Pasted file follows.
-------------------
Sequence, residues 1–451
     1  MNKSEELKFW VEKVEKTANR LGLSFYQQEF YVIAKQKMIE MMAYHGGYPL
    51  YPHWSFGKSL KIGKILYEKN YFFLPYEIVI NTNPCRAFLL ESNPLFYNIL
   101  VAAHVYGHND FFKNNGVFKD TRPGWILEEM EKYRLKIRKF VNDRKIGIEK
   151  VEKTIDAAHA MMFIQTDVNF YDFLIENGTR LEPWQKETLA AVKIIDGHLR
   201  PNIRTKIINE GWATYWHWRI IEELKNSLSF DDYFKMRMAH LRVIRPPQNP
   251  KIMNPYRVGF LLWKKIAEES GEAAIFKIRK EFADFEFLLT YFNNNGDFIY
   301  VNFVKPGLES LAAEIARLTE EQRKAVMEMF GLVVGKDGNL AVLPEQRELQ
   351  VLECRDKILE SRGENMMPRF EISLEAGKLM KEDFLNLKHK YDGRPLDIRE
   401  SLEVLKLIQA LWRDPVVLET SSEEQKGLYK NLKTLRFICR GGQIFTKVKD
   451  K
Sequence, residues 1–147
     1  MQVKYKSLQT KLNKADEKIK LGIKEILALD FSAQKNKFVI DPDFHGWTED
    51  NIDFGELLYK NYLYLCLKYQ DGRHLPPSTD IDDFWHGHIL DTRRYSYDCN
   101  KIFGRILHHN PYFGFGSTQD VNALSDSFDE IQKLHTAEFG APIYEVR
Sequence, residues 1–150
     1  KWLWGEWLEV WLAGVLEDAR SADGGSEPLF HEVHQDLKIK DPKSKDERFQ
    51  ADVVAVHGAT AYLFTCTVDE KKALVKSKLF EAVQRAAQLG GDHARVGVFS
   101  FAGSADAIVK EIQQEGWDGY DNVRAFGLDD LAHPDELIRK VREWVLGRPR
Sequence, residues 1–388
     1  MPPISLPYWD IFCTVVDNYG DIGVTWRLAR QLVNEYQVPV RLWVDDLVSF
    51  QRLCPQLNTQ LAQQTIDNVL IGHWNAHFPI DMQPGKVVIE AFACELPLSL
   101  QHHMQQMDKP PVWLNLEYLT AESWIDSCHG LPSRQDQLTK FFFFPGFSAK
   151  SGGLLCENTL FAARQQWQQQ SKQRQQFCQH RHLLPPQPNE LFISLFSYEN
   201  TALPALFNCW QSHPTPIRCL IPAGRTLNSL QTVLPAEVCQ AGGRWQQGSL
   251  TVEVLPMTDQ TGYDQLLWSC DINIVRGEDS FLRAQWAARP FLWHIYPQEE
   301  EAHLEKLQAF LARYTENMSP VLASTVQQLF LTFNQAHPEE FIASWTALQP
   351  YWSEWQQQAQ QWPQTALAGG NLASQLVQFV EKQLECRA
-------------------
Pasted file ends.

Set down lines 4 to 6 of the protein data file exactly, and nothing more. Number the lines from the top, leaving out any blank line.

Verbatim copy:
   101  VAAHVYGHND FFKNNGVFKD TRPGWILEEM EKYRLKIRKF VNDRKIGIEK
   151  VEKTIDAAHA MMFIQTDVNF YDFLIENGTR LEPWQKETLA AVKIIDGHLR
   201  PNIRTKIINE GWATYWHWRI IEELKNSLSF DDYFKMRMAH LRVIRPPQNP